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Fully Automatic, Real-Time, and Self-Configured Recyclable Backup To Ordinary DVD Disk

IP.com Disclosure Number: IPCOM000168499D
Original Publication Date: 2008-Mar-13
Included in the Prior Art Database: 2008-Mar-13
Document File: 2 page(s) / 35K

Publishing Venue

IBM

Abstract

Fully automatic, real-time, and self-configured recyclable backup to ordinary DVD disk

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Fully Automatic, Real-Time, and Self-Configured Recyclable Backup To Ordinary DVD Disk

Although DVDs and CDs are often used for the purpose of computer backup, there has not been a fully automated solution that transparently manages the backed-up data and recycles older material to make way for newer material and provides protection in between the manual backup process.

The problems with historical approaches to backup using optical type media include (but are not limited to):
- The user must remember to "run" the backup application.
- The backup application "burns" the CD/DVD using data-sets and does not "update" the existing file structures making a restore cumbersome.
- There is no form of backup or data protection taking place in between runs of the backup software.
- The data backed up to the media is only accessible via the application that wrote it and not accessible as natural mounted files.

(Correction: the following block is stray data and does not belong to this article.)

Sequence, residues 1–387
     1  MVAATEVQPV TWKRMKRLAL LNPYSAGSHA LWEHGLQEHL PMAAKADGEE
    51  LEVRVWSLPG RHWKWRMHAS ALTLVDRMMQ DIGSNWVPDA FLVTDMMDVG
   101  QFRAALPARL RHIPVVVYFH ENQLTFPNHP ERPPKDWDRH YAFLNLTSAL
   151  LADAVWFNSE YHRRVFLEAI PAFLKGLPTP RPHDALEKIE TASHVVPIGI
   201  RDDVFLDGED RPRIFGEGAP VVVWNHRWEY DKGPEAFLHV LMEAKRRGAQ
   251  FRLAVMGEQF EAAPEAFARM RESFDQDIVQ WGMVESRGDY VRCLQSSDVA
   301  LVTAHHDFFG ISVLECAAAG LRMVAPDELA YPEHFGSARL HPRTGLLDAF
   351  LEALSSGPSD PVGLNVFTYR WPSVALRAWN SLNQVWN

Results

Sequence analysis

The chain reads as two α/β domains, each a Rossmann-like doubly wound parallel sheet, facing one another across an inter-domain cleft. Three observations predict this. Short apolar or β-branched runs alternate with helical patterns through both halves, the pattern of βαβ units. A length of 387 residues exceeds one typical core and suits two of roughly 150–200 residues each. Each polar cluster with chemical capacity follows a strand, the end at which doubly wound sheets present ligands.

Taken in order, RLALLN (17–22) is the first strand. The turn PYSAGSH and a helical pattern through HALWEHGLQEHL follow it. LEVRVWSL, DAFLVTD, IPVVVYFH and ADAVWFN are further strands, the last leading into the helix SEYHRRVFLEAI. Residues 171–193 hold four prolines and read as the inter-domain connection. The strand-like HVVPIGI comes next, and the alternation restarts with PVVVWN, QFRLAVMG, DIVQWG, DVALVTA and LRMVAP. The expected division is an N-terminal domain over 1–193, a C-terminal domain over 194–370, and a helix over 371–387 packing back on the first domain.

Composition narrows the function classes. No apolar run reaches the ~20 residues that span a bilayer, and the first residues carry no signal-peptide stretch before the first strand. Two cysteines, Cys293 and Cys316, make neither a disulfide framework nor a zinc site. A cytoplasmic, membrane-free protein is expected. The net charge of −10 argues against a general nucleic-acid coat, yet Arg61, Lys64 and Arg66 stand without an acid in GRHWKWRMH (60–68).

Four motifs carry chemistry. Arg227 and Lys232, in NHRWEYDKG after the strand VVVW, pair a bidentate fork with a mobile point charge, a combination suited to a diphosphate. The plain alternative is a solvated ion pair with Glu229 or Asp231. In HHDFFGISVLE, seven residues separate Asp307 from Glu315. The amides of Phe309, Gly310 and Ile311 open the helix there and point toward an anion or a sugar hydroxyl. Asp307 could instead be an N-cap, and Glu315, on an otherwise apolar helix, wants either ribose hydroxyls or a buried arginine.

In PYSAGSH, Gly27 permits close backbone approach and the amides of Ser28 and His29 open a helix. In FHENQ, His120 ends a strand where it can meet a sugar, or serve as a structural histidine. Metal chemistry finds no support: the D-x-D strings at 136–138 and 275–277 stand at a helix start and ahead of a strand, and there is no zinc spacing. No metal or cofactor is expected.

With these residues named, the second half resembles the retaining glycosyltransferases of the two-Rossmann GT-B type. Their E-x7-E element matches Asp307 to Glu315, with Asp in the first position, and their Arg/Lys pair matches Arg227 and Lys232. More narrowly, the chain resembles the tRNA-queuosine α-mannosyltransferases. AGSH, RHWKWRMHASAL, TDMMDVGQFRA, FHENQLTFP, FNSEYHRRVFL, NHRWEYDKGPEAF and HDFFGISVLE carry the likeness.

- The granularity of protection is very coarse; often weeks in between versions ("runs").
- When the media is full, typically the backup application stops/fails.
- The media size is typically small (e.g. <4GB) and so the user each time must carefully select only important files that should be stored.

The invention described here has an innovative approach to using real-time continuous data protection (backup) with ordinary DVD-RW devices per use of two separate technologies. One technology is developed by Infinite Data Storage and the other by IBM Tivoli and when used together they produce a very consumable backup solution for the vast majority of computer users at an unprecedented low price.

Numerous devices today exist for off-machine backup, such as NAS devices, USB keys and disks, and even on-line services. All of those are viable, however, all of those are either costly ($80 to $2,000 for a USB/NAS device) or are more cumbersome to use and configure (on-line services in particular). There are some newer optical technologies such as DVD-RAM that "feel" like a normal disk drive but are very rare today and the media (the disk) is about 100 times more expensive than the popular DVD disks. Virtually every computer made within the last few years has a DVD-RW bay present, but as mentioned, the user can only write data using special software. This invention allows all those millions of computers with DVD-RW drives to now behave like an ordinary disk drive and when integrated with an automatic and pool-managed backup solution they become perfectly viable backup targets without any user intervention for the vast majority of people that need just their documents protected.

The main components of the invention are the following:

- Use of a special driver developed by Infinite Data Storage that allows ordinary DVD-RW drives to be mounted and used exactly like any other true disk drive, specifically allowing the following:

Create, update, and delete of files and directories anywhere on the DVD via the normal Wi...